Raphael’s angel is distinguished by bright golden colours and encapsulated by the halo of light. Giordano’s angel is painted in tones of pink and a halo of light, but there are also differences. Giordano’s angel levitates, emphasized by the shadow cast on the ground by his foot, whereas Raphael’s angel walks with Peter and resembles him physically. Even more clearly than in the Vatican fresco, Giordano’s angel appears to belong to another more ethereal realm. Determined, yet sweet in mien, his beauty is masculine and feminine at the same time. As with Michelangelo’s Nudes in the Sistine Chapel, his mop of hair – here contrasted with the fine hair of Peter – symbolises youth and fullness of spirit. The supernatural is expressed not so much by the halo of light as by his poise and the splendour of the white and pink drapery. It is the angel that defines the centre of the composition itself and becomes the quintessence of the divine. This angel could have figured prominently in the exhibition of Neapolitan art at Yale in 1987 entitled A Taste for Angels!

In the lower part of Giordano’s painting the soldiers are shown in a style we might term as ‘Riberesque’, that is with a realism of traits and earthly colors characterized by sharp browns and greens. As he reformed Raphael’s angel, Giordano also reformed the Riberesque style of the soldiers by enlivening them with the glint of gleaming iron and soft modeling. He unified the lower section with the rest of the painting by harmonizing the colours and rendering the picture’s tonality in a way that totally differs from his prototypes in Ribera’s art.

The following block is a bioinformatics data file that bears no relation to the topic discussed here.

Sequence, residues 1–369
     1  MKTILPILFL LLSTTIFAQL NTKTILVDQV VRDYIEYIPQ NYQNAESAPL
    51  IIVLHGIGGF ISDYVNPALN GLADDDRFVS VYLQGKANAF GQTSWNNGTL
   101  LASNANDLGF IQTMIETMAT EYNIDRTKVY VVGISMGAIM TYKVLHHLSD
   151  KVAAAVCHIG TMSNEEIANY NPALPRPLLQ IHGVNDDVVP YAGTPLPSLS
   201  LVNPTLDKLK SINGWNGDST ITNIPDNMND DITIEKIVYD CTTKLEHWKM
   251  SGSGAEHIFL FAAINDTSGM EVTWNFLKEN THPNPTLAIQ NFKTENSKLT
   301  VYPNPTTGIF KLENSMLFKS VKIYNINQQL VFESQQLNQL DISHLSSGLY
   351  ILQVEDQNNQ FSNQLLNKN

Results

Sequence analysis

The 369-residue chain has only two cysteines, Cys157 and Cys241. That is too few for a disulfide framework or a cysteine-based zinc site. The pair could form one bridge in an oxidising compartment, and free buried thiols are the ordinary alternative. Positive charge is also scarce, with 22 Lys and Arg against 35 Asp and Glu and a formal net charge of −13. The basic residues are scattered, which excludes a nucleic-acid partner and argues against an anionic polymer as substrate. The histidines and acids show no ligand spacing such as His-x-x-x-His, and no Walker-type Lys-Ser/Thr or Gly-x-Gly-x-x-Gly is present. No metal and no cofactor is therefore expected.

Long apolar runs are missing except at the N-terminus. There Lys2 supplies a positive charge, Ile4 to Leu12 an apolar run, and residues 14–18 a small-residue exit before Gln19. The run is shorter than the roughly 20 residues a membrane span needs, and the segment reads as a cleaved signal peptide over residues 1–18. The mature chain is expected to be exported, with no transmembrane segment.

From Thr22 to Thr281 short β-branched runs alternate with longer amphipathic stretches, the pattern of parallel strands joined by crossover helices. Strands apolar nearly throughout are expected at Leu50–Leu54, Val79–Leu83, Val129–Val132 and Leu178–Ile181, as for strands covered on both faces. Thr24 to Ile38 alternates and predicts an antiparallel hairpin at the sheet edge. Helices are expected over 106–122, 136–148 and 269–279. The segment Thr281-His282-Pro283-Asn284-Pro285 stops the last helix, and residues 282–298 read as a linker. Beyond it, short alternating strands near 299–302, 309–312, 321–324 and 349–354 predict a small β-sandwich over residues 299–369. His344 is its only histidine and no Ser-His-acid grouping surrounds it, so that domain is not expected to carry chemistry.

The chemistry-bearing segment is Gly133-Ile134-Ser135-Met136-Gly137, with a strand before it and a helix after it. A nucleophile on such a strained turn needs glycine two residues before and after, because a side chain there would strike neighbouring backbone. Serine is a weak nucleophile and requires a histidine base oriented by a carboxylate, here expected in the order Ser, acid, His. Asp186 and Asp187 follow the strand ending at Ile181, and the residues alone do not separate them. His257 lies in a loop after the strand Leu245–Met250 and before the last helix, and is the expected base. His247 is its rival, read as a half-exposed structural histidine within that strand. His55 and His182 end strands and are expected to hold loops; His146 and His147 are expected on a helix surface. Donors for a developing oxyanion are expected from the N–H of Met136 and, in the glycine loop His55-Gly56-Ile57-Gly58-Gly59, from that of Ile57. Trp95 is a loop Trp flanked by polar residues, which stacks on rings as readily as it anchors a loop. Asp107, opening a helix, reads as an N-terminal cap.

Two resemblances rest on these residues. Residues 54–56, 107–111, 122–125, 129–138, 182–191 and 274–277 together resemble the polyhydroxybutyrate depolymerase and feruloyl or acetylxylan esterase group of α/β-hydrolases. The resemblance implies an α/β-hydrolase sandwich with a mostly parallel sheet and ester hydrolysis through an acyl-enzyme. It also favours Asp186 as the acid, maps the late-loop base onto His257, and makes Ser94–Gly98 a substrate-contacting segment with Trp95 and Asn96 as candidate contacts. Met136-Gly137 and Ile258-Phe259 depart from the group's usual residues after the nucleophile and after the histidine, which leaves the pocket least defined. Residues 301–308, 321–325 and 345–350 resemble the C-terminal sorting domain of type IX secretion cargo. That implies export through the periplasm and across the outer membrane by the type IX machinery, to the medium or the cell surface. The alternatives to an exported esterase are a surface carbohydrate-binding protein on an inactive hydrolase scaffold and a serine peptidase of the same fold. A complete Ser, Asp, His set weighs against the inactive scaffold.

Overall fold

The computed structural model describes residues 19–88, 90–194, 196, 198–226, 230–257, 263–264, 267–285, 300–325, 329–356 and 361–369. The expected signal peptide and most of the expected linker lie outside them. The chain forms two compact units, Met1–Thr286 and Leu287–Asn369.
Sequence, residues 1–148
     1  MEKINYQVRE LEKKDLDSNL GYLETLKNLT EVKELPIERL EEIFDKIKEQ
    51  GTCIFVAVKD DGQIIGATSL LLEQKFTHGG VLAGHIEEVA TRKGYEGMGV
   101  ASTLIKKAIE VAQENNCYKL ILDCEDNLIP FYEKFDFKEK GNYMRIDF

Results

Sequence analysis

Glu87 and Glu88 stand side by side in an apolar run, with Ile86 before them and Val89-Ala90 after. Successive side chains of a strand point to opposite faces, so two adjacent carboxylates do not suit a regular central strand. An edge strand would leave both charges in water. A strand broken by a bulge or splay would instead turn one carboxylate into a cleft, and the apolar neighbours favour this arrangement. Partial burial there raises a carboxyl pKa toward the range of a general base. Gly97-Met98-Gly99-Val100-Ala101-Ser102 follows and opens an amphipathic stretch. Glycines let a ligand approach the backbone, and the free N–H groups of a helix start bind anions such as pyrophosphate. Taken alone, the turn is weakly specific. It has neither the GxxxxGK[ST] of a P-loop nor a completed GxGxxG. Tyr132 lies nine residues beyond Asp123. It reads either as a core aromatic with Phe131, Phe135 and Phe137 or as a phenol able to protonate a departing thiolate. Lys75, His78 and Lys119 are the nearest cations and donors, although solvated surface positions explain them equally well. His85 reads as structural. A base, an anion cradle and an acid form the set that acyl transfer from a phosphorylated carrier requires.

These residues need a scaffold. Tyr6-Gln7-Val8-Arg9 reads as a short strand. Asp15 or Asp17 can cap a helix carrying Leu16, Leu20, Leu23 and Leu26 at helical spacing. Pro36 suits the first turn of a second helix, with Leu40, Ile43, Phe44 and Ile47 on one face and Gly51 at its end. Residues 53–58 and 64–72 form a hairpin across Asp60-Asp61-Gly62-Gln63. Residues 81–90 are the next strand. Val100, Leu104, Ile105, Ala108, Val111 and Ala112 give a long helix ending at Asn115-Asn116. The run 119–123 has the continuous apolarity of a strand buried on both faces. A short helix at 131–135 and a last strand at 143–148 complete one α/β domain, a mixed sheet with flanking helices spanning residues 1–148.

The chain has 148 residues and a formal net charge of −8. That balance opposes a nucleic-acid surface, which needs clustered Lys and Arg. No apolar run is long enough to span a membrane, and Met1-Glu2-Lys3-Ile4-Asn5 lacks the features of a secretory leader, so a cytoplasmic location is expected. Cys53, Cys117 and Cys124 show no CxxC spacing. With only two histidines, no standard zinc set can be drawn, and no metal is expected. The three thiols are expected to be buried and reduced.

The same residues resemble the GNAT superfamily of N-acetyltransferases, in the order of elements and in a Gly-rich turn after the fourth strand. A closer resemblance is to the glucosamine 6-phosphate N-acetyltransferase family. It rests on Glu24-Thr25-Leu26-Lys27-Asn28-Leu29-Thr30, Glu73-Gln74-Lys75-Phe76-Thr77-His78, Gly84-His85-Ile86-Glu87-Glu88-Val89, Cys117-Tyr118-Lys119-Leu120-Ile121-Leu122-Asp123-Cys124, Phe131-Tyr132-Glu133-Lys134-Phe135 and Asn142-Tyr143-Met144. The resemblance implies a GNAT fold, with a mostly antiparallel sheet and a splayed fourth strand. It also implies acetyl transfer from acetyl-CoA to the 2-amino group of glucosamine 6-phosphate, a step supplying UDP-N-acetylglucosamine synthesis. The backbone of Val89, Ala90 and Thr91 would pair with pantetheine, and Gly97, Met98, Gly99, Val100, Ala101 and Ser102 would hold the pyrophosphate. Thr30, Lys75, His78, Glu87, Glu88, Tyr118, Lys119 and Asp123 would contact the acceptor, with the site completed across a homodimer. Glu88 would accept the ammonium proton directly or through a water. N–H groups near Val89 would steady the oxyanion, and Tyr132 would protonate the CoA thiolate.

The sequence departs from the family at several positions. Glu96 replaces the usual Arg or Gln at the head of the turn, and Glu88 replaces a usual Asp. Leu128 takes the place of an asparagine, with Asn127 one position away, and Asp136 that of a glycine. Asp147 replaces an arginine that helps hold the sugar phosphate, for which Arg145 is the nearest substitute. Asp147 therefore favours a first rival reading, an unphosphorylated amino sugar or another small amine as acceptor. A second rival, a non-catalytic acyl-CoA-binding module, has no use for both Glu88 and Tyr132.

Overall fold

Giordano liked to contrast the different modes of angels and soldiers, and this is where a similarity with the Berlin Gemäldegalerie St Michael [Fig. 9] is evident. In St Michael the demons and the saint are portrayed in two different styles. The lower section depicts the brutal world of the devils while above St. Michael is shown as a symbol of heaven with idealized features and a graceful swaying mantel and wings. The lower world, dark and grotesque, is rendered with Riberesque realism; the upper level, angelic and classical, has pale pastel tonalities, blue and pink imbued with Reni’s classicism. Andreas Haus has focused on this conflict of modes and the way in which the contrast between animal nature and spirituality is expressed through different styles. It is the same in The Liberation where an intense chiaroscuro effect points to the divide between the divine and reality. These two spheres are presented in different styles, Riberesque in the lower section and Reni-like in the angel. As in St Michael, the clothing of the angel in The Liberation appears to carry a special meaning, symbolizing the world of the spirit with elaborate folds and especially luminous colour.